My morning roundtables at this year's Manufacturing Automation and Robotics Summit included discussions around 'Autonomous Mobile Robotics', 'Cobots versus Standard Robots', and 'End of Line Automation'.
It is a time of great change for UK manufacturing as businesses respond to the convergence of powerful trends in labour supply, supply chain consolidation and optimising the balance between quality and cost.
This year’s sold-out Manufacturing Automation and Robotics Summit tackled those challenges head-on, helping the 80 senior manufacturing executives in attendance to define:
- What parts of their production process are best suited to automation, and what kind
- Where their industry peers are seeing the greatest automation opportunities and successes
- How the technology landscape has evolved, and continues to, and how best to take advantage
The summit took place at Aston Villa Football Club in Birmingham and was deftly chaired by Duncan McFarlane, Professor of Industrial Information Engineering at University of Cambridge’s Institute for Manufacturing (IfM).
Click the links below to read overviews of the day’s other panel discussions, interactive roundtables and key takeaways:
In his introduction, McFarlane noted that small and medium-sized enterprises (SMEs) faced barriers typically not felt within large multinationals and OEMs – a point which ran through much of the day’s roundtable conversations.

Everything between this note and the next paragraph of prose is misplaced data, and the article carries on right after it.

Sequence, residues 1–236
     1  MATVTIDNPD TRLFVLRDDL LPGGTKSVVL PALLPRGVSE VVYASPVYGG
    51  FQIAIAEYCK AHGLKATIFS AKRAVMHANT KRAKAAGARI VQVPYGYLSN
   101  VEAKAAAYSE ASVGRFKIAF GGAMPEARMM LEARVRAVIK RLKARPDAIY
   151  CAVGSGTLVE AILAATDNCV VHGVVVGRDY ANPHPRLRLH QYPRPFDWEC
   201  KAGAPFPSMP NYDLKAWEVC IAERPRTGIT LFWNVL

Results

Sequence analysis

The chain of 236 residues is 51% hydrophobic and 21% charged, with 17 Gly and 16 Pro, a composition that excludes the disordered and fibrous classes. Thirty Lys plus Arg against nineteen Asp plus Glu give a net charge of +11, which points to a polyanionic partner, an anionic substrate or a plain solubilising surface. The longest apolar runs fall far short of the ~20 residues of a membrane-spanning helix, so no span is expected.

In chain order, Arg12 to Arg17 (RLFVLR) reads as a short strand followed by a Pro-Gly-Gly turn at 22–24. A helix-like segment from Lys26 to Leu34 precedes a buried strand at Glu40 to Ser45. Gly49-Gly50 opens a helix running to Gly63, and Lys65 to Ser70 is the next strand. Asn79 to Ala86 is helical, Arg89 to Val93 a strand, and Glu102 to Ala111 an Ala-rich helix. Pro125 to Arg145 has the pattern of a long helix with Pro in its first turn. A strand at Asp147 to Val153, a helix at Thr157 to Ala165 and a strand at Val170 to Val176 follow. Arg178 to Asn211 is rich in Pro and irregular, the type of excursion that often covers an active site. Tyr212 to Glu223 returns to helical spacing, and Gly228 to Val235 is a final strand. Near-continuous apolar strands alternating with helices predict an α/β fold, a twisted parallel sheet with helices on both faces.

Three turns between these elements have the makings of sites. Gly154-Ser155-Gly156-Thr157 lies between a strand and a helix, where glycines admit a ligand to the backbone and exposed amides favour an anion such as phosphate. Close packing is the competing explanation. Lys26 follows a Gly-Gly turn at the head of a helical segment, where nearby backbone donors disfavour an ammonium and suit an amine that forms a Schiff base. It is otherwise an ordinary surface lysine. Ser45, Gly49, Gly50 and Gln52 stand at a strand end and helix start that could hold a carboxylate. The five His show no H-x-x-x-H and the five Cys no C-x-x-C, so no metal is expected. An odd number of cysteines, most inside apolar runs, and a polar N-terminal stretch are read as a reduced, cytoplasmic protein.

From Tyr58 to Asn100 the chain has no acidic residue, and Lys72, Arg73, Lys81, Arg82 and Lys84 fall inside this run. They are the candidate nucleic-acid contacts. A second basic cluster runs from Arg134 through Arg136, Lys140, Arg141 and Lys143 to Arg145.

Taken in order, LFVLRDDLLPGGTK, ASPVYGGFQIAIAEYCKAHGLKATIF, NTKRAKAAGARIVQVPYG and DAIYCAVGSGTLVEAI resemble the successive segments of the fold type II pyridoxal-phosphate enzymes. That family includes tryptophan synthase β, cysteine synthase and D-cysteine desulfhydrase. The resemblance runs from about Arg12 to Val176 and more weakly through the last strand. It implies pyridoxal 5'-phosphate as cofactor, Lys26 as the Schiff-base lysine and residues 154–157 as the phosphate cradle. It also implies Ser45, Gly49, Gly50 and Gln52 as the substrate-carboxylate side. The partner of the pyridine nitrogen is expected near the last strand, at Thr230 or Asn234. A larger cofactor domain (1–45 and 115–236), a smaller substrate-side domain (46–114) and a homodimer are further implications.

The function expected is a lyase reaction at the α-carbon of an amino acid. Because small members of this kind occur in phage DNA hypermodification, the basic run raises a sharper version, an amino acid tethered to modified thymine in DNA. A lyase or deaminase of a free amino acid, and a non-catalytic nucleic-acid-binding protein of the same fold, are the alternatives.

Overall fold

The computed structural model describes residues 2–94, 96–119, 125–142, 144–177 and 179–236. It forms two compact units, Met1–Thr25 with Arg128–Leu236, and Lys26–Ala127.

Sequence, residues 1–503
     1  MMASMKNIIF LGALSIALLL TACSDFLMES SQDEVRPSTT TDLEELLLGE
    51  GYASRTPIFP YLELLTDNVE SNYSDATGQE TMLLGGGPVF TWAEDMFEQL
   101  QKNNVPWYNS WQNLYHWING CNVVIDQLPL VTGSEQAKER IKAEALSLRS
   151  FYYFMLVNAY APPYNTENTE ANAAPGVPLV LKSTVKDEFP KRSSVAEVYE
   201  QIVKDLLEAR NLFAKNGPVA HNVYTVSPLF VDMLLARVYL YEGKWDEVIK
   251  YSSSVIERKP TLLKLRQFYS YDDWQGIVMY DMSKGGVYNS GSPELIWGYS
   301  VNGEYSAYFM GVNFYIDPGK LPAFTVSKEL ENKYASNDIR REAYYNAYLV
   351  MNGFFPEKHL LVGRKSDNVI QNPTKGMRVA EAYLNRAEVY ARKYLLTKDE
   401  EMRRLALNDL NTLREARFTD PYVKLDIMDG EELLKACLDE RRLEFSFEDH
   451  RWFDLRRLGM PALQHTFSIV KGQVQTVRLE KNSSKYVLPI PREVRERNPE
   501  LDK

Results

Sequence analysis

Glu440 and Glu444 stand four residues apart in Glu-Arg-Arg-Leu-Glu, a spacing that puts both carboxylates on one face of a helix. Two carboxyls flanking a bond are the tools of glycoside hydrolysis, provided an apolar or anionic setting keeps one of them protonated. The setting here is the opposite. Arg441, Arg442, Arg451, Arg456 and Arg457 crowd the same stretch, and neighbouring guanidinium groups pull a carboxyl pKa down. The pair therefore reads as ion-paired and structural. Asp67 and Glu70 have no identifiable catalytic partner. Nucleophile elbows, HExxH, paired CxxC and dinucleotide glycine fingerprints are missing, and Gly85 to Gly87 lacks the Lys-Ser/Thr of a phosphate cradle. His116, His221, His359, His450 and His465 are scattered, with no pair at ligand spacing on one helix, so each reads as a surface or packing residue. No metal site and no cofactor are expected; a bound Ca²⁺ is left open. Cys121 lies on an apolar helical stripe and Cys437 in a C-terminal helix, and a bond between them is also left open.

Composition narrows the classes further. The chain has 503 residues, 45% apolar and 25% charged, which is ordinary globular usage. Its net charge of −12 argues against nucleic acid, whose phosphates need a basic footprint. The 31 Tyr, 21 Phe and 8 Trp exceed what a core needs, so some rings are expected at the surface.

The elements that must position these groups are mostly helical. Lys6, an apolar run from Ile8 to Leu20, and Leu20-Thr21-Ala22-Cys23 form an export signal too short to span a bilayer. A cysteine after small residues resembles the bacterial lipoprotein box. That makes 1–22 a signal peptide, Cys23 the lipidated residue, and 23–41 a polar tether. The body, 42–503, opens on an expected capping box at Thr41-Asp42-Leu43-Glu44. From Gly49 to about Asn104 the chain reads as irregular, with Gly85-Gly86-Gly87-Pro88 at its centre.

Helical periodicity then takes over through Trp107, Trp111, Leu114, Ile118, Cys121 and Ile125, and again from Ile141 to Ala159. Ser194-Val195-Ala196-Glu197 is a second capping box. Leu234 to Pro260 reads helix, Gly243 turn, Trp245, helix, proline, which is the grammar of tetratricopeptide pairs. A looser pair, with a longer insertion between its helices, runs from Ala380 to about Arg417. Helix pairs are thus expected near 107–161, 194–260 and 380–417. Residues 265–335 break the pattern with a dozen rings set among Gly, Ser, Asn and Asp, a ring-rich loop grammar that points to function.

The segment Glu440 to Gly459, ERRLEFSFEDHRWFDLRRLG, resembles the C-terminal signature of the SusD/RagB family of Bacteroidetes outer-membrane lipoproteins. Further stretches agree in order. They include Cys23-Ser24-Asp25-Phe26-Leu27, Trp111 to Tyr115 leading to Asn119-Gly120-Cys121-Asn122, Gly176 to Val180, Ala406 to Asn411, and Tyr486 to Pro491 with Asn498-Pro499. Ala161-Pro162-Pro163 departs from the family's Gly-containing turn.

These barriers were both physical (not having appropriate skills internally to move forward, and not having the necessary funds to finance the initial investment and operating costs), as well as psychological (feeling unsure of the possible applications or benefits, and being uncertain of future digital standards).
While some may challenge the reality of these challenges, there is certainly no question that many companies still perceive automation and robotics to be expensive and complex. That’s the primary driver behind the IfMS’s Digital Manufacturing on a Shoestring initiative.
Low-cost off-the-shelf automation
IfM’s shoestring project aims to increase digital capabilities throughout an organisation by using low-cost, easily accessible off-the-shelf components.
There are several challenges associated with that vision which need to be addressed:
- Priorities – How can the digitalisation and automation need of a business be analysed and classified?